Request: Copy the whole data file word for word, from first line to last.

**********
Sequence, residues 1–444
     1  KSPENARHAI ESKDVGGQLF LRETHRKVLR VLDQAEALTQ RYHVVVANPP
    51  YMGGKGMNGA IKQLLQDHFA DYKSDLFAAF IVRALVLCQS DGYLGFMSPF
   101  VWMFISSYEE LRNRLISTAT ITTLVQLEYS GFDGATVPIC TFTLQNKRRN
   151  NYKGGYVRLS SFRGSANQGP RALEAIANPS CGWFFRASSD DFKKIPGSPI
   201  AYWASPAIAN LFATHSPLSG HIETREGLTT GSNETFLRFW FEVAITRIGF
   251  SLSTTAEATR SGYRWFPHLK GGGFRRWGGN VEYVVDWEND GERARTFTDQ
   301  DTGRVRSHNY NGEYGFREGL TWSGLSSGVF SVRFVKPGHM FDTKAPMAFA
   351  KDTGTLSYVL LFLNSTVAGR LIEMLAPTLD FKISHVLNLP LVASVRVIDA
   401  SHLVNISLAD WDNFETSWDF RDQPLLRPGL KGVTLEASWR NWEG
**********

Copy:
Sequence, residues 1–444
     1  KSPENARHAI ESKDVGGQLF LRETHRKVLR VLDQAEALTQ RYHVVVANPP
    51  YMGGKGMNGA IKQLLQDHFA DYKSDLFAAF IVRALVLCQS DGYLGFMSPF
   101  VWMFISSYEE LRNRLISTAT ITTLVQLEYS GFDGATVPIC TFTLQNKRRN
   151  NYKGGYVRLS SFRGSANQGP RALEAIANPS CGWFFRASSD DFKKIPGSPI
   201  AYWASPAIAN LFATHSPLSG HIETREGLTT GSNETFLRFW FEVAITRIGF
   251  SLSTTAEATR SGYRWFPHLK GGGFRRWGGN VEYVVDWEND GERARTFTDQ
   301  DTGRVRSHNY NGEYGFREGL TWSGLSSGVF SVRFVKPGHM FDTKAPMAFA
   351  KDTGTLSYVL LFLNSTVAGR LIEMLAPTLD FKISHVLNLP LVASVRVIDA
   401  SHLVNISLAD WDNFETSWDF RDQPLLRPGL KGVTLEASWR NWEG